It seems somehow not on point to say that the central character of Barry Hannah’s short novel Ray (1980) is akin to Rabbit Angstrom, Walker Percy’s Will Barrett or Binx Bolling, Augie March, Yossarian in Heller’s Catch 22, Lewis and Ed in Deliverance, any number of Cheever protagonists, or of Tim O’Brien’s. And it would seem not the point as well to remark that novels in which the main character suffers Vietnam flashbacks are hackneyed clichés. Because in Hannah’s work style is the point. The style of narration, the interlocking and nonchronological chapters, the alternations in tone and mood, most of all the wild and intense prose. This does not mean there’s no substance, only that style carries the novel, propels the substance, and is what makes Ray so memorable.
Ray is a medical doctor who flew F-4 Phantoms in Vietnam. He’s also a would-be poet. He’s married to a beautiful woman with beautiful children. Socially and financially he has what many would call a great life. Yet it’s clear that he has difficulty accepting who and where he is in life. He’s had addiction problems and apparently lost and then got back his medical license. Friends often come to him for drugs, and he’s more than willing to prescribe them. He’s constantly thinking about sex, if he’s not actually in the process of having it. He has sex throughout this novel.
It seems too prosaic to say that Ray experiences a crisis in this novel, or that his situation as a whole is one of crisis—of coming to terms with his urges, his guilt and sense of failure, his love for his wife, his love for other women, his lack of scruples, the tension between wildness and convention.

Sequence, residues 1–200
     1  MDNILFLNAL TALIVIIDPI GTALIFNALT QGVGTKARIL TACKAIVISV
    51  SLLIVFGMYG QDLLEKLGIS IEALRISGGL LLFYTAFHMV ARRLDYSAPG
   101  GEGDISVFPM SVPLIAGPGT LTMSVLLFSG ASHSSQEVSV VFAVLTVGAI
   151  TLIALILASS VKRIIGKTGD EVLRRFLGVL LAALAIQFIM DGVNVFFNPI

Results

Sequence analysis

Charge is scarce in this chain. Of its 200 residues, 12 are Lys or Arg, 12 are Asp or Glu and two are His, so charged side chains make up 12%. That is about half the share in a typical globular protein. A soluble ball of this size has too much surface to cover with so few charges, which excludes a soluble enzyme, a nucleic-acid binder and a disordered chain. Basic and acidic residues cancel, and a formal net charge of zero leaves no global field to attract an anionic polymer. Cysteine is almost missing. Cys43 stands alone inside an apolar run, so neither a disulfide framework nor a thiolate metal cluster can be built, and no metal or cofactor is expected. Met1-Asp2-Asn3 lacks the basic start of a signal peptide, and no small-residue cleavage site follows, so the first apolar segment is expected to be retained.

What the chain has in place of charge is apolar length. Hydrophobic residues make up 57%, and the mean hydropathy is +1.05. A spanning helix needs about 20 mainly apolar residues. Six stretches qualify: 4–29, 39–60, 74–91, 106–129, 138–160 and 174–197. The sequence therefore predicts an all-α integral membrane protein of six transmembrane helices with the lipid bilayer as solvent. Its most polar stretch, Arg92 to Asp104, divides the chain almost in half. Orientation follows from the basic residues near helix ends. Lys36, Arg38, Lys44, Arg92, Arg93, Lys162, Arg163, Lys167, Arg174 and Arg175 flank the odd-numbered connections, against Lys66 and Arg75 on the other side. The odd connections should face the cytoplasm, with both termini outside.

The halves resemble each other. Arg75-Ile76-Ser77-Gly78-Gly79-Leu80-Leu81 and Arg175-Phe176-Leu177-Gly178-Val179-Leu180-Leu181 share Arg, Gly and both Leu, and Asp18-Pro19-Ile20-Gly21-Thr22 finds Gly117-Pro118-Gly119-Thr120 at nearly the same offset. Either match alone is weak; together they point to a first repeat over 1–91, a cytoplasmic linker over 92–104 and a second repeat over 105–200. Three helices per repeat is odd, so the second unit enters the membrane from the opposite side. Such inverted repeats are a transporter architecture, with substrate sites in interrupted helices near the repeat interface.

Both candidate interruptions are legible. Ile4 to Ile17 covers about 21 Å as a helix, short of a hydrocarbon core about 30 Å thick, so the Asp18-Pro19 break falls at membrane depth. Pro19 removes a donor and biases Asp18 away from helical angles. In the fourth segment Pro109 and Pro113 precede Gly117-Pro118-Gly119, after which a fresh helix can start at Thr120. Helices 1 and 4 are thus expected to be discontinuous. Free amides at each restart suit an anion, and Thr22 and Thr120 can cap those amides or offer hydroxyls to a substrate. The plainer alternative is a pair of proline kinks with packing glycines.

Ray as a Southern man of the late 20th century certainly possesses some of the worst traits of his kind: racism, misogyny, and classism. He makes no qualms about them—he seems aware, to a limited extent, of his attitudes towards women, but he shows little hesitation to use racist terms, even though he credits a black man for saving his life in Vietnam. There’s no way, I think, of defusing these traits—they’re unarguably present, part of Ray’s complicated character, part of who he is. He is certainly not a typical Southerner, in any sense of the word that I can come up with, and besides I don’t believe in “typical” Southerners anyway, but Ray’s certainly a remarkable Southerner. The racism, and other aspects of his character, are significant negative traits. I wouldn’t teach this novel to undergraduates because of Ray’s racism. Moreover, I do not find some sort of counterbalancing correlative in the novel to Ray’s attitudes. Are we to like him because every black man he refers to is, by his term, a “nigger”? Is Hannah making an issue of Ray’s racism, or is he just showing it as part of his character? What makes Ray typical of an individual in contemporary America is his narcissism, his concern with his own situation to the exclusion of everyone else. Women he objectifies—even his wife and his sometimes lover Sister—especially them. I can’t say that the characters in Airships or in Geronimo Rex are much different, so to an extent racism and sexism are part not only of Ray’s innate character but maybe of Hannah’s as well. Of course, such a conclusion merits more thought than I’ve given here. It’s also possible than Hannah wants to make a point of observing no social conventions at all, no “rules” of political correctness. Ray’s use of racist terms, his sexism, his imagining what it would be like to throw a nine-year old from the cockpit of a plane at 20,000 feet are all part of this rebellion against the very concept of social or racial or political barriers. Maybe we are not supposed to like Ray--this self-obsessed doctor-pilot-poet who takes advantage of anyone within reach, who struggles against and then sinks willingly into the narcotizing somnolence of upper-class late 20th century Southern affluence.